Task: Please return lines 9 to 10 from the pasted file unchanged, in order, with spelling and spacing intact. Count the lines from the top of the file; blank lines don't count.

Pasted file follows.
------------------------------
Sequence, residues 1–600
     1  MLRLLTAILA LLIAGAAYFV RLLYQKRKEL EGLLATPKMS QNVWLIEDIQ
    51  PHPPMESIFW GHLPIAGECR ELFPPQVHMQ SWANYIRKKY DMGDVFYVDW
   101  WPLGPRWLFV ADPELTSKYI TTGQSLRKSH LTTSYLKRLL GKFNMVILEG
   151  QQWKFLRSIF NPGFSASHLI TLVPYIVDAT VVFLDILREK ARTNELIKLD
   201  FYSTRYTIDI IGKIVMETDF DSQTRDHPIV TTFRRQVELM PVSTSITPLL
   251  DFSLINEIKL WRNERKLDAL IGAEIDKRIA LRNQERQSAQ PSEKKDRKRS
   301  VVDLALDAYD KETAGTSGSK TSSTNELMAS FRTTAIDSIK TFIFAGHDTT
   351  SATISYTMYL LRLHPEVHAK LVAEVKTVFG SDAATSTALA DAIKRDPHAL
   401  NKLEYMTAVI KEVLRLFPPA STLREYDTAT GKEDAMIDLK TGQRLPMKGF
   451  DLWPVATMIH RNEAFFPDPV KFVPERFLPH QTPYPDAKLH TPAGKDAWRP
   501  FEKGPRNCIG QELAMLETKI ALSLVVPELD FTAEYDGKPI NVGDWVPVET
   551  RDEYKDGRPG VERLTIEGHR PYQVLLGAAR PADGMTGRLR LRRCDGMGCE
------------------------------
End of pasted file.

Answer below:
   351  SATISYTMYL LRLHPEVHAK LVAEVKTVFG SDAATSTALA DAIKRDPHAL
   401  NKLEYMTAVI KEVLRLFPPA STLREYDTAT GKEDAMIDLK TGQRLPMKGF